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Infection may accelerate brain aging, new study finds

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COVID-19 infections may predispose individuals to develop irreversible neurological conditions and accelerate brain aging, according to a new study, cited by the Business Standard.

The finding, published in the journal Aging Research Reviews, also shows that Covid-19 can increase the likelihood of strokes and the risk of developing persistent damage that can lead to brain haemorrhages.

The team, led by Joy Mitra and Muralidhar L. Hegde, of the Houston Methodist Research Institute, US, noted that extensive research has shown that the impacts of the disease go well beyond the actual moment of the infection.

COVID-19 is known to invade and infect the brain, among other important organs, the researchers said, adding that infection can cause long-term irreversible neurodegenerative diseases, especially in the elderly and other vulnerable populations. .

Several brain imaging studies in Covid-19 victims and survivors have confirmed the formation of microhemorrhage lesions in deeper brain regions related to our cognitive and memory functions.

Researchers have critically assessed the possible chronic neuropathological outcomes in aging and populations if timely therapeutic intervention is not implemented.

Microhemorrhages are emergent neuropathological signatures often identified in people with chronic stress, depressive disorders, diabetes, and age-related comorbidities.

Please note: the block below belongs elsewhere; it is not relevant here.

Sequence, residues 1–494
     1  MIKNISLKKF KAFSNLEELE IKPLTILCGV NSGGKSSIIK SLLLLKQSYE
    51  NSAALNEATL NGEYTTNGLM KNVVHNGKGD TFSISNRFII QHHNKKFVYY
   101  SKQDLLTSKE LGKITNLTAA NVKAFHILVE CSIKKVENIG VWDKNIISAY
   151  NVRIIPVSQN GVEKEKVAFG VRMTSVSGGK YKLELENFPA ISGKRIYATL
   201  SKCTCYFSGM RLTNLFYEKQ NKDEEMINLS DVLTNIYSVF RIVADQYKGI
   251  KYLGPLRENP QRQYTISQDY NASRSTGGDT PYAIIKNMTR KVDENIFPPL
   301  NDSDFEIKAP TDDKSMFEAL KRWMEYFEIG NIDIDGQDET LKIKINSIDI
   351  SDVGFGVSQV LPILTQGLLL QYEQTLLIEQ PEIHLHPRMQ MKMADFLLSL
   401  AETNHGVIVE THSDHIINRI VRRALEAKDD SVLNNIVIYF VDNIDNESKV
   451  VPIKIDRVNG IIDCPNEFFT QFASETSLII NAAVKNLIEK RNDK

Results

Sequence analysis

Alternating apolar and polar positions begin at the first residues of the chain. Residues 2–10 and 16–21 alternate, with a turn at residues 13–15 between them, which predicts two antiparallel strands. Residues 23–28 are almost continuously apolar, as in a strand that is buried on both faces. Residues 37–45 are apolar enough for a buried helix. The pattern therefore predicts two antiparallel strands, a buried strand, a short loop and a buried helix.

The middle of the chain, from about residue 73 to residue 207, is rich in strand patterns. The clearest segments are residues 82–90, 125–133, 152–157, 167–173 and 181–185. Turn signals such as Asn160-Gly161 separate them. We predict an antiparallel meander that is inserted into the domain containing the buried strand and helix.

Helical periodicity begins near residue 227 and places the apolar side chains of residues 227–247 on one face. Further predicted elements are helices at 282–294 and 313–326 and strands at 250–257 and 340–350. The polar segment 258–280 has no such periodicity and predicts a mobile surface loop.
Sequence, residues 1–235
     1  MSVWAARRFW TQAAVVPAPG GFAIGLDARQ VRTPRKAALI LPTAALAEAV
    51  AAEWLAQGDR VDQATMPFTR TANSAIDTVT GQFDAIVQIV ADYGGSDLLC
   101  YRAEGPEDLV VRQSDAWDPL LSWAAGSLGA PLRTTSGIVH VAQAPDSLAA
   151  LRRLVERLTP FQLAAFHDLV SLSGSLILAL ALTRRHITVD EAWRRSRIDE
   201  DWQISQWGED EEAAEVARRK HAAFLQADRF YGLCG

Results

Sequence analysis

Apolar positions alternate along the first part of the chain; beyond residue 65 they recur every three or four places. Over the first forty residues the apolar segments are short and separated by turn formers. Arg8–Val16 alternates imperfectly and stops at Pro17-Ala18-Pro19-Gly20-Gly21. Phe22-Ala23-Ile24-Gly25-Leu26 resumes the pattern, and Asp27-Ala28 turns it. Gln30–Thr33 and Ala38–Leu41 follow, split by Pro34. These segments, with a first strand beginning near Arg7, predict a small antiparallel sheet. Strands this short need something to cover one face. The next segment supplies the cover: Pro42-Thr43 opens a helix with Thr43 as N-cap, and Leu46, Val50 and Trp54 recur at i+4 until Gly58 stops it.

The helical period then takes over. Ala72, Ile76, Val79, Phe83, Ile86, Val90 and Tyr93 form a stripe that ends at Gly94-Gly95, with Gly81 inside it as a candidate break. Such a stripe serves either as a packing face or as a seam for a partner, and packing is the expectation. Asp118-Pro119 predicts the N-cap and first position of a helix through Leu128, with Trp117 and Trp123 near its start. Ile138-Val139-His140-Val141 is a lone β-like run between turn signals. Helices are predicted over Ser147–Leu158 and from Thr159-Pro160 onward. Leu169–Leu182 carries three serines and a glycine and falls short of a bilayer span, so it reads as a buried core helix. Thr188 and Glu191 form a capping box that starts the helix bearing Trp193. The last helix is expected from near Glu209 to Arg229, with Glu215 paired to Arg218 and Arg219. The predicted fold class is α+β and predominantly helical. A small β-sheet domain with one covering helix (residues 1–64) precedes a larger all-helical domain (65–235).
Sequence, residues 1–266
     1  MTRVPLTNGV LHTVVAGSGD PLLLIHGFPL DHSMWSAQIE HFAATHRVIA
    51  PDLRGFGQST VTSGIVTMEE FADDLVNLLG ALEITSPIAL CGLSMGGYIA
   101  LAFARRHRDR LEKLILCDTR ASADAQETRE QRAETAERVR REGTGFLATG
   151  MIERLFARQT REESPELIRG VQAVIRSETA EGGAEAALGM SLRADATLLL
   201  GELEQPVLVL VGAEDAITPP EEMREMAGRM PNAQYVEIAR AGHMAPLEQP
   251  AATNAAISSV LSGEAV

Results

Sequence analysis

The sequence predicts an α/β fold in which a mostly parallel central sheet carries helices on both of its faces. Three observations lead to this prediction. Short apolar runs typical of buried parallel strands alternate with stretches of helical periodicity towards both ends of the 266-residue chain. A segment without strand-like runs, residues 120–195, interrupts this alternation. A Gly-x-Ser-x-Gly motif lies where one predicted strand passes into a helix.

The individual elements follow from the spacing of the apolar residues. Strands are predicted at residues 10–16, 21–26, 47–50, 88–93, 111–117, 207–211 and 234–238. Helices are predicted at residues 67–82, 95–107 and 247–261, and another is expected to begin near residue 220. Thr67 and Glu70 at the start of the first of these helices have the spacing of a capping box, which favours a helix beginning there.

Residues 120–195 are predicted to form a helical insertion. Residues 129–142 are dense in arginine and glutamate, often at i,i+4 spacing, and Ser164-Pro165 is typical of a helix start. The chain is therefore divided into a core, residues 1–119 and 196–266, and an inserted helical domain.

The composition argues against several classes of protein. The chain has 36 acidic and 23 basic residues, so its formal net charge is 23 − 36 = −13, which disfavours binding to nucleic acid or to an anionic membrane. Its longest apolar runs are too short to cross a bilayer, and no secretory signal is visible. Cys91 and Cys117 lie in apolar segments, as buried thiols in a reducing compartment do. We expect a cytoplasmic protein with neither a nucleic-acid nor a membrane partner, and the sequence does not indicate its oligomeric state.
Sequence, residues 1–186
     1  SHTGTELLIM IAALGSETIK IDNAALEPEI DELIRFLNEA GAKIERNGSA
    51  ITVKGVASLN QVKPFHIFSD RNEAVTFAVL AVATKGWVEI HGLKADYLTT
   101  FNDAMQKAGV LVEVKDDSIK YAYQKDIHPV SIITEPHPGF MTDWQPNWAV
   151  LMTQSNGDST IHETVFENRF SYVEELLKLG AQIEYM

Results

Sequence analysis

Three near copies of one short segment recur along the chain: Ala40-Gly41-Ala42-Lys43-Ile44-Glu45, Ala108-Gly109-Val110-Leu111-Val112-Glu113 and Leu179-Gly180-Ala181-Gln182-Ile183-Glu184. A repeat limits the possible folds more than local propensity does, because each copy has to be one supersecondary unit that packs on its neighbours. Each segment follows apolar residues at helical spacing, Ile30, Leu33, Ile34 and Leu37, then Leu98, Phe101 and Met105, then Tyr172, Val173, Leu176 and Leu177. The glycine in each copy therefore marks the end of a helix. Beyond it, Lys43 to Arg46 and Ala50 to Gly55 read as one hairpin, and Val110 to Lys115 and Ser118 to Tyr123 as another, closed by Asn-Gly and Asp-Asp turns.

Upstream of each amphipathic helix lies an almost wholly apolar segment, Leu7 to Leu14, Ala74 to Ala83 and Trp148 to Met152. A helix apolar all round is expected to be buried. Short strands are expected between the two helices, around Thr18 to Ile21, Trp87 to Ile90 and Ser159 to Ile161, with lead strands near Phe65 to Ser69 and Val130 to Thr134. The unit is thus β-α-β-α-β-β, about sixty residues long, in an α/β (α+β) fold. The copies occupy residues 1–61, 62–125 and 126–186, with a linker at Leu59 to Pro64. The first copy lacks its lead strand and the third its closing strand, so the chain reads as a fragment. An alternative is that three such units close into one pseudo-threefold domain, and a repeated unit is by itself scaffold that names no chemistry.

Based on their previous findings, the researchers observed that COVID-19-induced microhemorrhagic injury can exacerbate DNA damage in affected brain cells, leading to neuronal senescence and activation of cell death mechanisms, which ultimately impact the microstructure and vasculature of the brain. .

These pathological phenomena resemble the hallmarks of neurodegenerative diseases such as Alzheimer’s and Parkinson’s disease and are likely to exacerbate late-stage dementia, as well as cognitive and motor deficits.

The effects of COVID-19 infection on various aspects of the central nervous system are currently being studied, experts said.

For example, 20-30% of COVID-19 patients report a persistent psychological condition known as “brain fog”, in which individuals suffer from symptoms such as memory loss, difficulty concentrating, forgetfulness daily activities, difficulty selecting the right words, taking longer than usual to complete a regular task, disoriented thought processes and emotional numbness.

More serious long-term effects analyzed in the review include susceptibility to Alzheimer’s disease, Parkinson’s disease, and related neurodegenerative diseases, as well as cardiovascular disorders due to internal bleeding and blood-induced injury. blood clotting in the part of the brain that regulates our respiratory system, following Covid19.

Cellular aging is also thought to be accelerated in patients with COVID-19, the researchers said.

The study also suggests several strategies to improve some of these long-term neuropsychiatric and neurodegenerative outcomes and highlights the importance of the “nanozyme” treatment regimen in combination with several FDA-approved drugs that may be successful in combating this problem. catastrophic illness.

However, given the ever-evolving nature of this field, associations such as those described in this review show that the fight against Covid-19 is far from over, the team said, adding that getting vaccinated and maintaining good hygiene are essential in trying to avoid such harmful and long-term consequences.

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